Thursday, April 7, 2016

Realising the Reality

I visited The Dine-In, a posh restaurant , this weekend.

No, this story  is not a restaurant review about the dry biryani or hot lassi.

It is not about the Rajasthani style painting that adorned the deep dark wooden panels or about the silly waiters dressed like nervous fresh MBA grads from an obscure college, with white shirts and uncomfortable ties.

It is about Shamsuddin.
The little boy who poured water into my glass and cleared out my table.
He walked around nervously with a heavy jug of water, wearing the same black trousers and white shirt, no tie. His eyes darted across the room like a scared rabbit, scanning the place for empty tumblers that needed a refill.  He was hardly four and a half feet tall, not a trace of facial hair. He couldn’t have been a day older than 12. He caught me staring at him and looked back, wondering whether to smile, or look away. And then, with those wide innocent eyes filled with confusion, he gave me a slow, hesitant smile.

Something tugged my heart strings and soon enough the dryness of the biryani or the callousness of the waiter who whisked away my rejected hot lassi was not the problem anymore.

There was this child here pouring water and removing used plates from tables when he should have been kicking around a football on that cold Saturday afternoon. He was trying to satisfy strangers in that dark restaurant when should have been out with his friends, laughing and teasing his school teachers. He was trying to keep that white shirt clean lest the senior waiters scold him when he should have been wondering if his mother would have Surf for his school uniform after a romp in the mud.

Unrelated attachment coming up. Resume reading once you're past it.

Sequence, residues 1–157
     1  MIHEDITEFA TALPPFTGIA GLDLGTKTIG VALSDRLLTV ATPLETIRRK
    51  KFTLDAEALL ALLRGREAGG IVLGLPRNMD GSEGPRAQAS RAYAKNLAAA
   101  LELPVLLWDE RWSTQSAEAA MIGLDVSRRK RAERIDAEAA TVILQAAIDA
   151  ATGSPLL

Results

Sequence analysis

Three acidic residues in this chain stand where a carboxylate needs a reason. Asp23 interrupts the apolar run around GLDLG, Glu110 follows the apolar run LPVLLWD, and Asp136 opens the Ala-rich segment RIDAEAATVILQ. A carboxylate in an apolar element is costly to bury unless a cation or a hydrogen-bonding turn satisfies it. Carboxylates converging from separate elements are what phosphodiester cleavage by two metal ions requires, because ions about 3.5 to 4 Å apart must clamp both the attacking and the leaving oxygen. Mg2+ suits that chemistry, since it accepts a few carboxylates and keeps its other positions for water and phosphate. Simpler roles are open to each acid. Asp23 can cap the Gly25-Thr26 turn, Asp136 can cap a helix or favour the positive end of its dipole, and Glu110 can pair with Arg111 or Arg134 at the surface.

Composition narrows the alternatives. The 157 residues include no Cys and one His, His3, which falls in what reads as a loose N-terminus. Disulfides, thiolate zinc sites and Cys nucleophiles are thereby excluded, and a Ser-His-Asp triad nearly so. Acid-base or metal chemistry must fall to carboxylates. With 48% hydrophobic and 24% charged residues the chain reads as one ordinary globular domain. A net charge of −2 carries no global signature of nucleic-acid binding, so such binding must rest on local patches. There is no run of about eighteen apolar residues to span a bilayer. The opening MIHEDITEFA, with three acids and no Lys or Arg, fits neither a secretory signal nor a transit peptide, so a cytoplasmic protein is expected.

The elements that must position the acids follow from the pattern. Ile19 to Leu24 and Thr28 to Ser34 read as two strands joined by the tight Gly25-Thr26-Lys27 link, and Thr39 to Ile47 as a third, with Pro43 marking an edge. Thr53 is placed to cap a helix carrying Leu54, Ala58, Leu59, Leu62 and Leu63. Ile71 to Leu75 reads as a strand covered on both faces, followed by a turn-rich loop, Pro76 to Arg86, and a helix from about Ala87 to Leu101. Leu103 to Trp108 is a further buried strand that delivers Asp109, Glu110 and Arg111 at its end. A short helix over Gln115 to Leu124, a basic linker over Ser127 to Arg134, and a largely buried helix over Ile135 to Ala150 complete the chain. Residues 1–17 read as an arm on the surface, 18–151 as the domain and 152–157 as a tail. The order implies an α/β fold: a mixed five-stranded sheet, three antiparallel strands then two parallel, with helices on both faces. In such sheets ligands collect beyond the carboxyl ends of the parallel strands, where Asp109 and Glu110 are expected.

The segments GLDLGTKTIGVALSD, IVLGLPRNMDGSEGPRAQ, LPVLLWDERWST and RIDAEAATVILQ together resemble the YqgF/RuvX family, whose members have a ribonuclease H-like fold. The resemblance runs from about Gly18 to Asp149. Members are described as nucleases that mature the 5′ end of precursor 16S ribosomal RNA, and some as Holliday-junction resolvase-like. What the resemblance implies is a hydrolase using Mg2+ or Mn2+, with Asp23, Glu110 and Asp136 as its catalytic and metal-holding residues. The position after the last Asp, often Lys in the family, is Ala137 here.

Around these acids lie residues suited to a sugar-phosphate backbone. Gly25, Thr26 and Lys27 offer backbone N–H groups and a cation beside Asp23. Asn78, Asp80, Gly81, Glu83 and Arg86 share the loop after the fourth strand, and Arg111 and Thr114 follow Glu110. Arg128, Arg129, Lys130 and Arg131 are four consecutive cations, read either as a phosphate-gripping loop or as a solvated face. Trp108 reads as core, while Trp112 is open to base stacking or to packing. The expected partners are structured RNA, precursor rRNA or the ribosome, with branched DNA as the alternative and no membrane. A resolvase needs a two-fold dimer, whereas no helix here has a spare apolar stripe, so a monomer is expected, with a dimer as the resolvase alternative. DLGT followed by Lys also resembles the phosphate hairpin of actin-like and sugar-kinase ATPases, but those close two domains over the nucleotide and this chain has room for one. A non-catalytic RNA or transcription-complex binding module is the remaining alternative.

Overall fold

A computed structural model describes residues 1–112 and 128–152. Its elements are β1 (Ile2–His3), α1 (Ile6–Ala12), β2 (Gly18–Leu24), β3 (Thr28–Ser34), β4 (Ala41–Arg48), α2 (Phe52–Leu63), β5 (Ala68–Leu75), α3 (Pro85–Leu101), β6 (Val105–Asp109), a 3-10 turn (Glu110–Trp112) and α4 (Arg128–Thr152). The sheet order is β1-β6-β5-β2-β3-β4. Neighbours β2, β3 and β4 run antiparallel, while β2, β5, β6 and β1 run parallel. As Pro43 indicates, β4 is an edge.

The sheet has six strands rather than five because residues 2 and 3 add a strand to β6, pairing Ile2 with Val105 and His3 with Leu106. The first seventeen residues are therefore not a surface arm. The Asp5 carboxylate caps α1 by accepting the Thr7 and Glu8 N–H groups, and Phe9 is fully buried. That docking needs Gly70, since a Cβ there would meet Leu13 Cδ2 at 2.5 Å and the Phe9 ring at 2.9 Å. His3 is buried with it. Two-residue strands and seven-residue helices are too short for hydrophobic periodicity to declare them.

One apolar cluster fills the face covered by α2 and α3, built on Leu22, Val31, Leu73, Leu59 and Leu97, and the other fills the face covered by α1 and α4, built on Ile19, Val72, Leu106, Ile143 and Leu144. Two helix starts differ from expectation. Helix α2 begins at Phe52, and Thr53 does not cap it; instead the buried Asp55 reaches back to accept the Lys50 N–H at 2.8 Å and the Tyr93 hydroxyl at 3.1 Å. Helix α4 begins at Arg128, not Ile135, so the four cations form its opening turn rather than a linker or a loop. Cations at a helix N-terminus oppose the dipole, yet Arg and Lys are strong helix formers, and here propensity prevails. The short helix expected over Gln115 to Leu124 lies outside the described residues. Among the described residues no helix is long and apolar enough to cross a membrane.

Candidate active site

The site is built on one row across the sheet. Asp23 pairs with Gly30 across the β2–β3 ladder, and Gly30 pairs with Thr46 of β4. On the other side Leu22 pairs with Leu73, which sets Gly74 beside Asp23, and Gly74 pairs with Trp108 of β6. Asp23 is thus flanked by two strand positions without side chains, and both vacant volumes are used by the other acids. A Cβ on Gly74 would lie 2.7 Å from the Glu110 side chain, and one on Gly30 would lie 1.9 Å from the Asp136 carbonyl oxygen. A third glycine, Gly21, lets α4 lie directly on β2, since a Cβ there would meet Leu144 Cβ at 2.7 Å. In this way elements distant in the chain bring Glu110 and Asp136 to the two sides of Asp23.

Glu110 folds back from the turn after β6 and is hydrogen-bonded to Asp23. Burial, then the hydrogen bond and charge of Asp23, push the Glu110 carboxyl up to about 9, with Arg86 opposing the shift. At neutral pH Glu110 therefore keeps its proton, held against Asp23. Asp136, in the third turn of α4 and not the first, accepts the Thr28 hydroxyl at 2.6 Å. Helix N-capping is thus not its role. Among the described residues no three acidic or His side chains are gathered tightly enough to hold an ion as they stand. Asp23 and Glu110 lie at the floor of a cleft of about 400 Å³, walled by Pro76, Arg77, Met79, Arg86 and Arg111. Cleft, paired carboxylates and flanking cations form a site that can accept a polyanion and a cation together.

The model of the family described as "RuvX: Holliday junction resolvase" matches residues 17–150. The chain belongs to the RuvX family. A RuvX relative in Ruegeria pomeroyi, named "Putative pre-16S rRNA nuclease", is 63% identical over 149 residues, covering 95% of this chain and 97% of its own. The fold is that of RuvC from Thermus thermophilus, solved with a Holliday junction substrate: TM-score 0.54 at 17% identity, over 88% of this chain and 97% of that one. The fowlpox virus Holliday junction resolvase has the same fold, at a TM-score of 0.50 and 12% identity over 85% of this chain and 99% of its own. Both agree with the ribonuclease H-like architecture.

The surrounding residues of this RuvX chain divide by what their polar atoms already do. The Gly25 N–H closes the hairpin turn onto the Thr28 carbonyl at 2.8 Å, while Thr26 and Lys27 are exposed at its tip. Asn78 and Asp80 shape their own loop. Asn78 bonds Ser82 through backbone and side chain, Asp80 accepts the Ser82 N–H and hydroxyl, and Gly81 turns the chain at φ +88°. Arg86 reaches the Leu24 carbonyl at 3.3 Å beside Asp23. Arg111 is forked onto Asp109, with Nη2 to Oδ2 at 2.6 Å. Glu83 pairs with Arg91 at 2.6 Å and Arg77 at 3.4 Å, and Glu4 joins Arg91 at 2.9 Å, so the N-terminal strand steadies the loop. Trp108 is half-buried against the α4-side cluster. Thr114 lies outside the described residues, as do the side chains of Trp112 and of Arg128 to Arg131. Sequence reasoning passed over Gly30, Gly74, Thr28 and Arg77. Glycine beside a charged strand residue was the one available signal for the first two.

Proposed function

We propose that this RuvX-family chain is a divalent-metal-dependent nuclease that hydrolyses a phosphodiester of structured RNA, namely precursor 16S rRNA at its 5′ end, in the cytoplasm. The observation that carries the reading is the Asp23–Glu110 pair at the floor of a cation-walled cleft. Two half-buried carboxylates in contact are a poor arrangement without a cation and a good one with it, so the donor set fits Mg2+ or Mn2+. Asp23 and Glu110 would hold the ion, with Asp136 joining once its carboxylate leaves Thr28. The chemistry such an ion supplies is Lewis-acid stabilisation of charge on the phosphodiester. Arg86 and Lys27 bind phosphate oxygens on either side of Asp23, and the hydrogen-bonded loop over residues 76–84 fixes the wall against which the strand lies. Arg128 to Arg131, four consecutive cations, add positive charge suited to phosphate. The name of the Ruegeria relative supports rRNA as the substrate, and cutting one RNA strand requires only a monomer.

Dine-In was not one of those dirty roadside eateries that gave a damn about the laws of the land, it was a reputed chain of quality restaurants. And child labor was a criminal offense.

The dormant social activist in me got all fired up, and I summoned the boy and asked him how old he was. He looked at me, bewildered. “Si..sixteen”, he stammered. I am not very knowledgeable about the child labor laws, but I guess above 14 does not qualify as child labor. Well, OK. Then I asked him how long he was working there. Almost a year, he said. A rehearsed lie? Maybe, but again, legally fine.  But morally? Emotionally? I am torn.

One voice inside my head kept telling me to lodge a complaint with the authorities. Let the officials determine whether he was actually 16 and the restaurant was not breaking any laws. Let them penalize the restaurant if they were breaking the law (which I am certain they were) and give back this child, Shamsuddin, his childhood. Send him back to school.

But the other voice inside me kept telling me to let it go. Maybe this child’s income from clearing out tables is what puts two meals on the table in his own house.

And here, I was torn between a child’s childhood and his livelihood.

With the two voices inside my head still waging a never-ending debate, I left the restaurant, with a heavy heart . All I could do was leave a generous tip, and hope that at least a part would reach the child.

Childhood. It happens just once. I just hope hungry diners like me and greedy restauranteurs do not take it away

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